The troubles Americans face are certainly not the ones the Mongolian people face, and the American government and the agricultural profession could well tackle the issues before it without impoverishing American farmers as a class. However, many professions are going to be affected by the climate crisis, and American policy in all relevant areas ought to be closely examined to ensure that these professions can transition to deal with the issues before it. Mongolia’s experience indicates that it is critical to recognize that issues affecting a vulnerable economic class, like Mongolian herders or American farmers, can spill over into much larger crises without proper management. American policymakers ought to approach the climate crisis and its current policies with realistic goals that meet our vulnerable populations where they are at in order to stop a potential crisis from spiraling into something unsolvable.

[1] Elizabeth Endicott, A History of Land Use in Mongolia 43 (2012).

[2] See Niel Pederson et al., Pluvials, Droughts, the Mongol Empire, and Modern Mongolia, Proc. Nat’l. Acad. Sci., 4375, 4376-4377 (2014) (Noting that tree rings indicated especially intensive rainfall in the years leading up to the rise of the Mongol Empire, and a likely impact being an abundance of herd animals)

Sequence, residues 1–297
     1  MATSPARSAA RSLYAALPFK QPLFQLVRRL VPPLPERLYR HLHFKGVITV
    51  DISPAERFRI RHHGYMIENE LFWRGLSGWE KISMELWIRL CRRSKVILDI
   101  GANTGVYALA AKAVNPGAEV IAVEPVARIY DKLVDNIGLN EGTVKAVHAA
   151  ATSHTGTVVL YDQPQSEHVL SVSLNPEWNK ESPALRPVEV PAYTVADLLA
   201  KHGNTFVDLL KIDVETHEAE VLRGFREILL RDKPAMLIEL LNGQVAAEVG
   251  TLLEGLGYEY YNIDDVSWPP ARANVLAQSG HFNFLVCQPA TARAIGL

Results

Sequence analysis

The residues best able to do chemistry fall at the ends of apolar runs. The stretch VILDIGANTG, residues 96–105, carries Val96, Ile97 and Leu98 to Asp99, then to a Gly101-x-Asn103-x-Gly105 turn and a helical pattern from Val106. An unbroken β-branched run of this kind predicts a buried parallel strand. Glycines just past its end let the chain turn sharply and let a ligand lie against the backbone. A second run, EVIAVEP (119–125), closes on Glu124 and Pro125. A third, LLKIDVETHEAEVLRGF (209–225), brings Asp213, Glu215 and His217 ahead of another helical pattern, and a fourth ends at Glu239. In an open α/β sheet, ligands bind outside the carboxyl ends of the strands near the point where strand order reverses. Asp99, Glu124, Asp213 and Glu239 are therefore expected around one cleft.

[3] Endicott, supra note 1, at 63-64.

[4] See id. at 64.

[5] See id. at 43-46.

[6] The Secret History of the Mongols is a significant native Mongolian text from the thirteenth century that concerns the rise and early government of the Mongol Empire, though much of what it is difficult to independently verify. See The Secret History of the Mongols (Francis Woodman Cleves trans., Harv. Univ. Press 1st ed. 1982) (~1240).

[7] Genghis Khan’s son and immediate successor in the Mongol Empire.

[8] Endicott, supra note 1 at 44-45.

[9] See id. at 78-80.

[10] See id. at 95-97.

[11] Id. at 125.

[12] Id.

[13] See id. at 125-126.

[14] See Andrew Jacobs, Winter Leaves Mongolians a Harvest of Carcasses, N.Y. Times      (May 19, 2010),

[15] Tania Branigan, Mongolia: How the Winter of “White Death” Devastated Nomads’ Way of Life, The Guardian      (July 21, 2010),; Jacobs, supra note 14.

[16] Madoka Ikegami, Mongolia’s Dzud Disaster, The New Internationalist (May 10, 2016),